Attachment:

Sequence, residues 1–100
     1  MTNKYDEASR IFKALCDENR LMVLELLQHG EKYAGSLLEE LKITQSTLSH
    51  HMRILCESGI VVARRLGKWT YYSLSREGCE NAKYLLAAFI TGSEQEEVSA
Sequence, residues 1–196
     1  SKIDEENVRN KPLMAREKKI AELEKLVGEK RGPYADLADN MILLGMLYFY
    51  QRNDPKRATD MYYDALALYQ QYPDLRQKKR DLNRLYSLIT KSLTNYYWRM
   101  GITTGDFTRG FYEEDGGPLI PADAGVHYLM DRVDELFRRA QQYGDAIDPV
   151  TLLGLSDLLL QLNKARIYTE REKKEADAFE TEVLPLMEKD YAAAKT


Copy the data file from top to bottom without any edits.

Sequence, residues 1–100
     1  MTNKYDEASR IFKALCDENR LMVLELLQHG EKYAGSLLEE LKITQSTLSH
    51  HMRILCESGI VVARRLGKWT YYSLSREGCE NAKYLLAAFI TGSEQEEVSA
Sequence, residues 1–196
     1  SKIDEENVRN KPLMAREKKI AELEKLVGEK RGPYADLADN MILLGMLYFY
    51  QRNDPKRATD MYYDALALYQ QYPDLRQKKR DLNRLYSLIT KSLTNYYWRM
   101  GITTGDFTRG FYEEDGGPLI PADAGVHYLM DRVDELFRRA QQYGDAIDPV
   151  TLLGLSDLLL QLNKARIYTE REKKEADAFE TEVLPLMEKD YAAAKT